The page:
Flight instruction advances at ECSU

Dr. Kuldeep Rawat
January 28, 2015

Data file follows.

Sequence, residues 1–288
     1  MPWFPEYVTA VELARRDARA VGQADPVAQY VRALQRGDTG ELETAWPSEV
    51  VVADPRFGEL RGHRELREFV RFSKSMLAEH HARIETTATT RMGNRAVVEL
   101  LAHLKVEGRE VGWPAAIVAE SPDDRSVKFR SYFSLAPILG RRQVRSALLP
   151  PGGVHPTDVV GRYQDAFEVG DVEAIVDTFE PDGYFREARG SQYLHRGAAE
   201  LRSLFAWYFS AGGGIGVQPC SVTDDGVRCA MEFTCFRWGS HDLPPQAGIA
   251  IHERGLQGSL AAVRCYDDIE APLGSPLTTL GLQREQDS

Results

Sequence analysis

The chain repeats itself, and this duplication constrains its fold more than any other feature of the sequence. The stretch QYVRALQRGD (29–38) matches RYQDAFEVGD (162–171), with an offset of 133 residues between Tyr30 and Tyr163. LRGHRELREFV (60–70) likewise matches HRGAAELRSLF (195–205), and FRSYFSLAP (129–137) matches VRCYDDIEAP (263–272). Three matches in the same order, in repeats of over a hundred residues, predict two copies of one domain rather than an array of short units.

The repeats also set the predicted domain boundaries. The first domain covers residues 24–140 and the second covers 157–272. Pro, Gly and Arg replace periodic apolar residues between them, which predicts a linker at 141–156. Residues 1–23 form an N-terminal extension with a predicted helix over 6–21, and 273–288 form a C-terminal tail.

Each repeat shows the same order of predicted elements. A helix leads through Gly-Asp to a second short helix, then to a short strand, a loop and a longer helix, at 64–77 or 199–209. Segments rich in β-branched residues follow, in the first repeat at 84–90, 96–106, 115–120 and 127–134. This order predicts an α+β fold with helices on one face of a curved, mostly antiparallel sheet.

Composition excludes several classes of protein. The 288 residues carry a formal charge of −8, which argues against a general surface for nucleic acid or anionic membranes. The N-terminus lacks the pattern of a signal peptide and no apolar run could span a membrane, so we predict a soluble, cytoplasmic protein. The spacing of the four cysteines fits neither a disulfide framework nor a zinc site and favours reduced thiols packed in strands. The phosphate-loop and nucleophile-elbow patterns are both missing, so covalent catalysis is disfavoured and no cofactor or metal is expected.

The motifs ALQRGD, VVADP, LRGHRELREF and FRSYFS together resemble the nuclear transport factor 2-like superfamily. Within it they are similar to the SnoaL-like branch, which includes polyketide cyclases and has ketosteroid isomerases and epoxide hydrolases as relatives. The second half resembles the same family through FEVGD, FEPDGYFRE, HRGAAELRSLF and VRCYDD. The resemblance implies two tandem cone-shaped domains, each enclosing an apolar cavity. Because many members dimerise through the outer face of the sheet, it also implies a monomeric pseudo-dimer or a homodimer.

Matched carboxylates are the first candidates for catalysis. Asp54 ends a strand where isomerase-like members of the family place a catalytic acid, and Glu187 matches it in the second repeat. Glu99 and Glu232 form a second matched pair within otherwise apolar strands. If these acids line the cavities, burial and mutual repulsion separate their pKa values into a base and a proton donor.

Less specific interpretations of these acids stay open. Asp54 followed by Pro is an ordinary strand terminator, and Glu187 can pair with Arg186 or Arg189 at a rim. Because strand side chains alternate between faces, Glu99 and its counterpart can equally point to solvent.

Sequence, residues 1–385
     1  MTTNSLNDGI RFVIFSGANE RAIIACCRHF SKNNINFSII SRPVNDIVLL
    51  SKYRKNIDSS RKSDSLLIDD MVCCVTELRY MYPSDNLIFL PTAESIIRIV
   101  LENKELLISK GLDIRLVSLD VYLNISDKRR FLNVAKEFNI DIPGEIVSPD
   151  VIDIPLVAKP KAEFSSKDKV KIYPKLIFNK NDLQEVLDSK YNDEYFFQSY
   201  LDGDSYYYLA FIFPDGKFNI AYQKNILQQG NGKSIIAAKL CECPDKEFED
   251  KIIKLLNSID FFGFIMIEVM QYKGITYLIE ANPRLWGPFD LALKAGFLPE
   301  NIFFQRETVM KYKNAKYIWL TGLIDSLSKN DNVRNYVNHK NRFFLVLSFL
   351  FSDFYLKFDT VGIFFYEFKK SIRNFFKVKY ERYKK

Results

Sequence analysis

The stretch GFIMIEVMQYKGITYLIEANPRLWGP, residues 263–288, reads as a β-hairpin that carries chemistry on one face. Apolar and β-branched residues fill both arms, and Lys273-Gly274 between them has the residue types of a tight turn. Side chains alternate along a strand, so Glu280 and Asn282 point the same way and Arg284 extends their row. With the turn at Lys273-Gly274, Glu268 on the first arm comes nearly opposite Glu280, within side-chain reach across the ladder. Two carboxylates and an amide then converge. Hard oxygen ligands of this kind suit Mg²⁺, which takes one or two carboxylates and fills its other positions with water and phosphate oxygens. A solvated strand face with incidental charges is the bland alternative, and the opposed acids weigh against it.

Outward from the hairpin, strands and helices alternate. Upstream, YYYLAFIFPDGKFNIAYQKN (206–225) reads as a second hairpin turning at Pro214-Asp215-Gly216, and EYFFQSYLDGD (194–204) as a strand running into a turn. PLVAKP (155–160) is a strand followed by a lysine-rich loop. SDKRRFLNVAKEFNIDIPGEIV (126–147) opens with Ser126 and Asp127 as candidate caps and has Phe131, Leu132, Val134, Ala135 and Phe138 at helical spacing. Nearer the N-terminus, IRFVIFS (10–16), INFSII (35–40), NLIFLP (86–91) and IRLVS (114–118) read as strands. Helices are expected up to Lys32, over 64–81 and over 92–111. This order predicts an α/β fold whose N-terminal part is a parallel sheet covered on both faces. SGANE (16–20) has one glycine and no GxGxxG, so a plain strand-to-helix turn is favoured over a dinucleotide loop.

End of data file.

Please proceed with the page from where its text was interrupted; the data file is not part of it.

flight-instruction-advanc ECSU's Aviation Science program is advancing its flight training capability. Recently, faculty selected an advanced training device-- the Redbird MCX. It has a dual set of pilot controls, which allows the flight instructor and a student to control the unit at the same time. Dr. Kuldeep Rawat, Technology Department chairperson and director of the Aviation Program, said this dual control unit is significant because it allows flight instructors to demonstrate various flight maneuvers while students can easily observe from a nearby seat. Previous full-motion flight training device only allowed one person seated in the unit at a time. "We had a strategic need for a sophisticated trainer, offering an exceptional level of realism to the pilot training environment." The flight simulator was ordered as a special configuration to match the university's two Cessna planes, Air Viking I and Air Viking II. The advanced features of the Redbird MCX include fully dual-control simulator, wrap-around visuals, a fully enclosed cockpit, quick-change configurations, scenario-based training compatibility and an electric full-motion platform. The addition of this flight simulator is significant to our restructured flight education curriculum. Students can now earn sufficient training hours on the training device that can be counted towards their overall flight training hours. Maximizing training on flight simulator reduces both pilot training times and costs. "Our focus is safe, high-quality training, at an affordable cost to our students," said Rawat. The experience of flight is enhanced by the wrap-around visual references, stunning instrument displays and the full-motion performance of the Redbird MCX. Updated worldwide software database for airports and weather conditions allows student to fly into any airport in the world under any weather condition. Practicing in a state-of-art simulator helps student pilots develop a sense of confidence based on training received under realistic conditions in the Redbird MCX. It provides real-world situation experiences as students learn to operate in the pilot/copilot environment most common in the airline industry. Chief Flight Instructor, Paul Davis, and ECSU student pilot, Aaron Beecham, conducted simulated flight tests on the MCX. Beecham, who has logged training flights in the ECSU's Air Viking aircraft and now in the Redbird MCX, was impressed with the experience and the value of learning more complex maneuvers in the simulator before the actual training flight. "Dual control capabilities as well as optional features of the simulator can be tailored to specific training objectives.Flight students can be presented with a variety of scenarios, including emergency situations, as represented by an aircraft," said Davis. The full-motion advanced aviation training device simulates the movement of an airplane. As with modern aircraft, the instrumentation panel is enclosed by a glass canopy. This design simplifies operation and navigation and helps students to focus on the most pertinent information. The flight instructor or co-pilot seat is equipped with enhanced computer capabilities to offer a wide range of flight scenarios. Rawat added that two Aviation Science students worked along with a Redbird engineer to assemble and install the flight training device so the students could gain additional skills. "We continue looking for ways to best prepare students majoring in aviation science for rewarding careers. Whether it is additional equipment or curriculum improvements, we are working to make sure our bachelor of science degree program well prepares students for the challenges ahead," Rawat said.